I grew up one of those kids who would eat anything (well, I did draw the line at hard boiled eggs and liver, and there were things I wasn't incredibly thrilled with, like lima beans and shad roe). I ate lobster and clams and okra without demur. My mother, a quite good cook, didn't much like cooking, but I did. Teaching myself to bake fairly challenging things like brioche and croissants, to frost cakes and bake bread, was one of my adolescent rebellions (I recall a flush of power when, at age 13, I realized that if I was hankering for biscuits there was nothing to stop me from going down to the kitchen and making them...with great power comes great responsibility or great weight gain, your choice). I liked to find an interesting recipe and try it out.

And then I married a recovering picky eater. And then I had kids. It isn't just that my daughters are picky eaters. They're both working on it, and each one manages to try new things from time to time. But each one of them is picky in a different way from the other. This afternoon I had one of those rides in the car with the kids. "What's for dinner?" "I'm thinkin' meatloaf," I say casually. The younger one, Emphatic Girl, yells "Yay!!!" Sarcasm Girl sighs heavily. "Meatloaf isn't very...celebratory. I thought we were celebrating." (Tonight is the 2 year anniversary of our move to San Francisco from New York). "Okay," I say carefully. "What were you thinking of, celebratory-wise?" Sarcasm Girl dithers--when not in full sarcasm mode she is prone to dithering. "Hamburgers!" she says at last. From the back seat, Emphatic Girl wails "I HATE HAMBURGERS." I think over the contents of the refrigerator and what can be done with them without actually going to the market. "How about spaghetti and meatballs?" I suggest. "Yummy!" says Sarcasm Girl. But Emphatic Girl is dismayed. She loves all pasta except spaghetti, due to the treacherous nature of spaghetti, eating-wise. This turns into a fight between the front seat passenger and the rear-seat passenger, at which point I suggest heavy-handedly that perhaps NO ONE NEEDS TO EAT TONIGHT.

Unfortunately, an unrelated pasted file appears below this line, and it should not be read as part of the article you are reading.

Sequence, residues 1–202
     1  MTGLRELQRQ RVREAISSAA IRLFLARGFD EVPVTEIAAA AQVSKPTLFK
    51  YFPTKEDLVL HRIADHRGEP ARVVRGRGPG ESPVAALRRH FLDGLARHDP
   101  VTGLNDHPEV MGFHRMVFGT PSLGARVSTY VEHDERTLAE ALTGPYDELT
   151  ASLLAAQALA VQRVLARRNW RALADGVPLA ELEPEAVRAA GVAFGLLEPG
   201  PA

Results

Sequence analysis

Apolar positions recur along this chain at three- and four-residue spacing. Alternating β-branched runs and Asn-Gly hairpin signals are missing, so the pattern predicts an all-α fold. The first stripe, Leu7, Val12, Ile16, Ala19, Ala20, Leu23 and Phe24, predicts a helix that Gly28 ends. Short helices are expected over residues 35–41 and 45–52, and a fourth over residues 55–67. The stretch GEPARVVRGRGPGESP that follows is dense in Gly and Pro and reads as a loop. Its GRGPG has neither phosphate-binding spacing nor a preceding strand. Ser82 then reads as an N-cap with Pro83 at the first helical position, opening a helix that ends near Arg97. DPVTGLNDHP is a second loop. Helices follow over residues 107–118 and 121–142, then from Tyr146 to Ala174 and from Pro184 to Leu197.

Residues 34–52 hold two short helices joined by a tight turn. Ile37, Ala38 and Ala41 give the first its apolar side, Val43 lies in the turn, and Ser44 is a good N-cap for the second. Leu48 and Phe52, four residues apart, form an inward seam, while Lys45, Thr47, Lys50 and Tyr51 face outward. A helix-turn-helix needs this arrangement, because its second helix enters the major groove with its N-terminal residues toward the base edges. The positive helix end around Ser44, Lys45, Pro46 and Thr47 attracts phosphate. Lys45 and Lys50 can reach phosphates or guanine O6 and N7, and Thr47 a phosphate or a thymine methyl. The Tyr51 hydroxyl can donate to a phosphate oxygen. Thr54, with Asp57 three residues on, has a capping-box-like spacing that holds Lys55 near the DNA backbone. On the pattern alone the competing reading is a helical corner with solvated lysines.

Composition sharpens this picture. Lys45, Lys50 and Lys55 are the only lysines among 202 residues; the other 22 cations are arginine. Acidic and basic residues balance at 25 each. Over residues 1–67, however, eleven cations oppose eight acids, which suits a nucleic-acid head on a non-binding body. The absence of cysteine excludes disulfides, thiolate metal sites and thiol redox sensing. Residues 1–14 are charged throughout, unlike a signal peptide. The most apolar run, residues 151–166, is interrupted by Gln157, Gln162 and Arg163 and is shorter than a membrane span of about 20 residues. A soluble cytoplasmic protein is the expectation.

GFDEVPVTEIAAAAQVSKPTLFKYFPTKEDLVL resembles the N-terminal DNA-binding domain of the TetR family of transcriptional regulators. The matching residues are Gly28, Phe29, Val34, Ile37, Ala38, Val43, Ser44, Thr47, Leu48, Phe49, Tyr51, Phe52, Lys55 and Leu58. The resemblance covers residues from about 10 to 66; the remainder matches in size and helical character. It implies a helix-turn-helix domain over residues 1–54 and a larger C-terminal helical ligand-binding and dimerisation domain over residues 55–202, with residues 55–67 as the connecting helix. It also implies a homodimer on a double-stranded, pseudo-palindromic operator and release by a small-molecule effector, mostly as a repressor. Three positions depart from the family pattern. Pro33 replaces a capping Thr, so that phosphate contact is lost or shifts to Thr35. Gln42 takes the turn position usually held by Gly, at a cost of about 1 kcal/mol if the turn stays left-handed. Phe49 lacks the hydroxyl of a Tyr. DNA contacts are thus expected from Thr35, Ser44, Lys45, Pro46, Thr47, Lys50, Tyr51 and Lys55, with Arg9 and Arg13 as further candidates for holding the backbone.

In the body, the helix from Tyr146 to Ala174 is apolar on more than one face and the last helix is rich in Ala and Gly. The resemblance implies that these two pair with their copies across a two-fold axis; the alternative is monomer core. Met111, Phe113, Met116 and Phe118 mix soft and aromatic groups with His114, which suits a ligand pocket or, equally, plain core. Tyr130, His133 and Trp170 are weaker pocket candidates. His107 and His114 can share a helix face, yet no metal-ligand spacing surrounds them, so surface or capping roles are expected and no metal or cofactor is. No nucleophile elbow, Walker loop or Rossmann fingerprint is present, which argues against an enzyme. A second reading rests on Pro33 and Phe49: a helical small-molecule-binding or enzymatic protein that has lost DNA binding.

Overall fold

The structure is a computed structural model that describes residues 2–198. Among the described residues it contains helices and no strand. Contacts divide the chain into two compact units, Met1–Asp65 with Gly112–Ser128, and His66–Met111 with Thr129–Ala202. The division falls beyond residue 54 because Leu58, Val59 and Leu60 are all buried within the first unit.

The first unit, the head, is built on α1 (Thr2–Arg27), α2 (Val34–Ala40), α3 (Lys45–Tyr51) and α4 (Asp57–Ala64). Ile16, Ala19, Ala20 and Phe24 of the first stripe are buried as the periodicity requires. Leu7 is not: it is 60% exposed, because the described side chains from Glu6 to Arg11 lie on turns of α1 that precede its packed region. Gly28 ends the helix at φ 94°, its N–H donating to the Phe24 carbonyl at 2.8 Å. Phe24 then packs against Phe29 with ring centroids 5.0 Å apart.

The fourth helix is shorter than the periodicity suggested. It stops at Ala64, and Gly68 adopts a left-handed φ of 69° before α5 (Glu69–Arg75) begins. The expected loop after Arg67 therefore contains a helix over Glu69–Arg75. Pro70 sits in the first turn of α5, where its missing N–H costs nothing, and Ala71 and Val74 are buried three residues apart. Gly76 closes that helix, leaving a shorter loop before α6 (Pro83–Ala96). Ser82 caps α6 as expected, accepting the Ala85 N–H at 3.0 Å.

To say this leeches much of the joy from the creation of meals is only to say sooth. They must eat, of course. And I, as the designated Mama must feed them. I'm thinking okra, with a side order of shad roe...